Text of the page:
It is possible for events and interests to occur faster than the application can process them. This is a common situation especially if a viseme interest is set, because it generates an event for each sound encountered. GetEvents can retrieve more than one event at time. This allows for batch processing of events should a more specialized application need to do so. Another way to handle this situation is to use a while loop. This retrieves each event one at a time. Regardless of the design, once a valid SPEVENT is available, the application has only to compare the interest type from eEventId with an action. Again for simplicity, a switch statement filters interests and subsequent code completes the action.


      case WM_USER:
         SPEVENT eventItem;
         memset( &eventItem;, 0,sizeof(SPEVENT));
         while( pVoice->GetEvents(1, &eventItem;, NULL ) == S_OK )
         {
           switch(eventItem.eEventId )
           {
              case SPEI_WORD_BOUNDARY :
                 .
                 .
                 .
                 break;

              default:
                 break;
           }

         SpClearEvent( eventItem );

Code Listing 5. Bold text represents new code for this example.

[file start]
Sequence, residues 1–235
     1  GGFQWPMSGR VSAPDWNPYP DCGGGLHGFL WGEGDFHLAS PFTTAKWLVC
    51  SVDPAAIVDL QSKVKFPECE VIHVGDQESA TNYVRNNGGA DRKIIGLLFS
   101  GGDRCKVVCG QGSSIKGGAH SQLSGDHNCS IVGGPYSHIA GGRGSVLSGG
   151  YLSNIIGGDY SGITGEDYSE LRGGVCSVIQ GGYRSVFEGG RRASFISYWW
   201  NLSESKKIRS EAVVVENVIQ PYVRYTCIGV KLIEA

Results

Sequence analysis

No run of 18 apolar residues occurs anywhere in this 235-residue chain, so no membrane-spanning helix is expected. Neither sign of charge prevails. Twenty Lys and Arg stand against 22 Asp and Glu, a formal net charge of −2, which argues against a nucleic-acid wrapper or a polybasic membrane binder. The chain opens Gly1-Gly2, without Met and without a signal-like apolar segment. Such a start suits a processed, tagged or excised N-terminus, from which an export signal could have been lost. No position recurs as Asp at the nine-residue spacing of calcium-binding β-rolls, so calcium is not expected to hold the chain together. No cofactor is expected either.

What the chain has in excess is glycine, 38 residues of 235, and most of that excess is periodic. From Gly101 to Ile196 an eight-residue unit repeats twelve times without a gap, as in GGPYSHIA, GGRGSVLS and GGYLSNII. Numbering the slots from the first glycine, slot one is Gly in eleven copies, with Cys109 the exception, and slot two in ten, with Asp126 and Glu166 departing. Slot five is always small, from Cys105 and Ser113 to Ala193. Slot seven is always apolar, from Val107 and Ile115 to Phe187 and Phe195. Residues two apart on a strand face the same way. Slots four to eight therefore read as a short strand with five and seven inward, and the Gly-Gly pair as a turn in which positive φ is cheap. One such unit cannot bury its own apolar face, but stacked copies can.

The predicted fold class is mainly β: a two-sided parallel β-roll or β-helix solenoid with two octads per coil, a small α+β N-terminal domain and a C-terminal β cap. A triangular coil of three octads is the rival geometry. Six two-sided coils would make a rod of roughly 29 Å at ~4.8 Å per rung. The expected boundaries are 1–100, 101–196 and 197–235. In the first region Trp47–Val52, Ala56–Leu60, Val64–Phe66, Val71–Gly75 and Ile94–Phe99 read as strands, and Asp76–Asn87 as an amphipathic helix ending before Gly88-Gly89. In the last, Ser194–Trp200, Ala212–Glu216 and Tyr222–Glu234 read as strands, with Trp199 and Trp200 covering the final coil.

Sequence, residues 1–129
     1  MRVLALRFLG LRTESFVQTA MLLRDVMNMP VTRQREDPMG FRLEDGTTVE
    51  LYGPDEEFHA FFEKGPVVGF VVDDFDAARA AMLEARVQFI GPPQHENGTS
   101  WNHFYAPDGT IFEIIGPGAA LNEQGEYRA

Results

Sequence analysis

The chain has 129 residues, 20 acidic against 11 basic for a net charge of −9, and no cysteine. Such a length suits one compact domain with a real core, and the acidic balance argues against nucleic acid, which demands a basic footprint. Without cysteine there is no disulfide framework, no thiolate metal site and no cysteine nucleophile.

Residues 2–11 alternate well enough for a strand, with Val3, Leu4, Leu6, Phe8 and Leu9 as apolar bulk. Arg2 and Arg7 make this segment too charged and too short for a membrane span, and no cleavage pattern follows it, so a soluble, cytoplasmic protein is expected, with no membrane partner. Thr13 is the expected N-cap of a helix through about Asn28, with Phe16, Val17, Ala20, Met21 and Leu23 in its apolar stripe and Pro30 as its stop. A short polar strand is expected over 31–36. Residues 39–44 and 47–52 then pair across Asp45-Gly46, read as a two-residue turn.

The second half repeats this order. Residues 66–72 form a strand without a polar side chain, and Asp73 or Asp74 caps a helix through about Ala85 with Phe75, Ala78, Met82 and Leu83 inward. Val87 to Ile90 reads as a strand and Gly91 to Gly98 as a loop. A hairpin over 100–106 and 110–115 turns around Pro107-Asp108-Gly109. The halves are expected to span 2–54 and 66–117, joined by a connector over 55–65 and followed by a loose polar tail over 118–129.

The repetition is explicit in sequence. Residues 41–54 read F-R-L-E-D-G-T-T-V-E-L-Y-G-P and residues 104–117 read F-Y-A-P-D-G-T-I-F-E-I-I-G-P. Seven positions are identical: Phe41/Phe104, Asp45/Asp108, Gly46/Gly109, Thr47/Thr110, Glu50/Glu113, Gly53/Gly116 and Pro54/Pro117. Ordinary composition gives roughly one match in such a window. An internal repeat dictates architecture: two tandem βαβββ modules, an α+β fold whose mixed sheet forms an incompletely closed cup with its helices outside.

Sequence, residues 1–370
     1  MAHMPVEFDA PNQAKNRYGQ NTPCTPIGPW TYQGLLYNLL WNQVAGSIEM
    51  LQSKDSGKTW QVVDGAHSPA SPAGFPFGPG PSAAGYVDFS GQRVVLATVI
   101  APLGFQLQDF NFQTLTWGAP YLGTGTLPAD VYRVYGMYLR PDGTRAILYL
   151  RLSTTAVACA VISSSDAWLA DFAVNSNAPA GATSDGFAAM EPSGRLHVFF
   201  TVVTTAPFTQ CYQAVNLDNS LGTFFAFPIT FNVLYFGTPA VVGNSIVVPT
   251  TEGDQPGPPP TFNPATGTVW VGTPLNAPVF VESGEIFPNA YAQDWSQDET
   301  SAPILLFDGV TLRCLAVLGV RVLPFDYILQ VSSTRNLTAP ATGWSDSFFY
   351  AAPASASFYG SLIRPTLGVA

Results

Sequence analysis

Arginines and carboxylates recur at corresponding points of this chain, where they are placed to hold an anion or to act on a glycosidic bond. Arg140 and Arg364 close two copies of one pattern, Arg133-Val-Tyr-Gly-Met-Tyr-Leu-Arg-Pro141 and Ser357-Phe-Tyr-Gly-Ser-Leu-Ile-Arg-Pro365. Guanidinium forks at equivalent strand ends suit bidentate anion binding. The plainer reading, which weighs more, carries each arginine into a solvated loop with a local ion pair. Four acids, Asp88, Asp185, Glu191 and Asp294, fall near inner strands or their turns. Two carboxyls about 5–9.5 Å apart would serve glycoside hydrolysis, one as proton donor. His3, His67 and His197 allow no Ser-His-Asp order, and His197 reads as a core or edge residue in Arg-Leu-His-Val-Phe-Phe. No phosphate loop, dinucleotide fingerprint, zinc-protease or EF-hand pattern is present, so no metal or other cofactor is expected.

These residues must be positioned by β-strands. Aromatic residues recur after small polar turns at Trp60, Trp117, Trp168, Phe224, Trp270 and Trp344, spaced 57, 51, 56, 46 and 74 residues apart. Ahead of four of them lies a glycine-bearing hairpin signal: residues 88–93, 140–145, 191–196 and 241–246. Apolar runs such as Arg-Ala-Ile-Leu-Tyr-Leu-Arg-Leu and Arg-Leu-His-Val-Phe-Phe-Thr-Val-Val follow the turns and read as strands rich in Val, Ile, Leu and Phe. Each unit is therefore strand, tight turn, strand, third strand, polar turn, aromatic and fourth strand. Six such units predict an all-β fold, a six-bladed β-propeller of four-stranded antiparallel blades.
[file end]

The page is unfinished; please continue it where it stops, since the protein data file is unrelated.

Step 6: Reacting to events

Once the event and interest is determined, the programming becomes more standard. How an actual interest is handled is the application's own design and implementation. In this example, the application identifies individual words using the SPEI_WORD_BOUNDARY interest. Whenever this interest is returned, the SAPI engine has found a distinct word, usually offset by white spaces or certain punctuation. Also in this case, relevant information is passed back from a Voice::GetStatus call using SPVOICESTATUS structure.

The individual words are noted as offsets from the complete string, marking the positions of the first letter and last letters of the sequence. For demonstration, the words are then displayed in a Win32 message box on the screen. One subtlety to notice is that each word is displayed as soon as possible. That is, the screen is updated during the actual speaking of the text. This characteristic is controlled during by the SPF_ASYNC flag of the Voice::Speak method:


	pVoice->Speak( theString, SPF_ASYNC, NULL);

The alternative is to wait until all the speech is complete and then process the events and interests. For example, if the second parameter was replaced with NULL, the message boxes would still display but would wait until the speaking is complete. The difference in timing may be important to applications depending on needs.


              case SPEI_WORD_BOUNDARY :
                 SPVOICESTATUS eventStatus;
                 pVoice->GetStatus( &eventStatus;, NULL );

                 ULONG start, end;
                 start = eventStatus.ulInputWordPos;
                 end = eventStatus.ulInputWordLen;
                 StringCchCopyN( tempString, theString + start , end );
                 tempString[ end ] = '\0';

                 MessageBoxW( hWnd, tempString, L"GUIApp", MB_OK|MB_ICONWARNING );
                 break;

Code Listing 6. Bold text represents new code for this example.

Complete code listing

// GUIApp.cpp : Defines the entry point for the application.
#include "stdafx.h"
#include <sapi.h>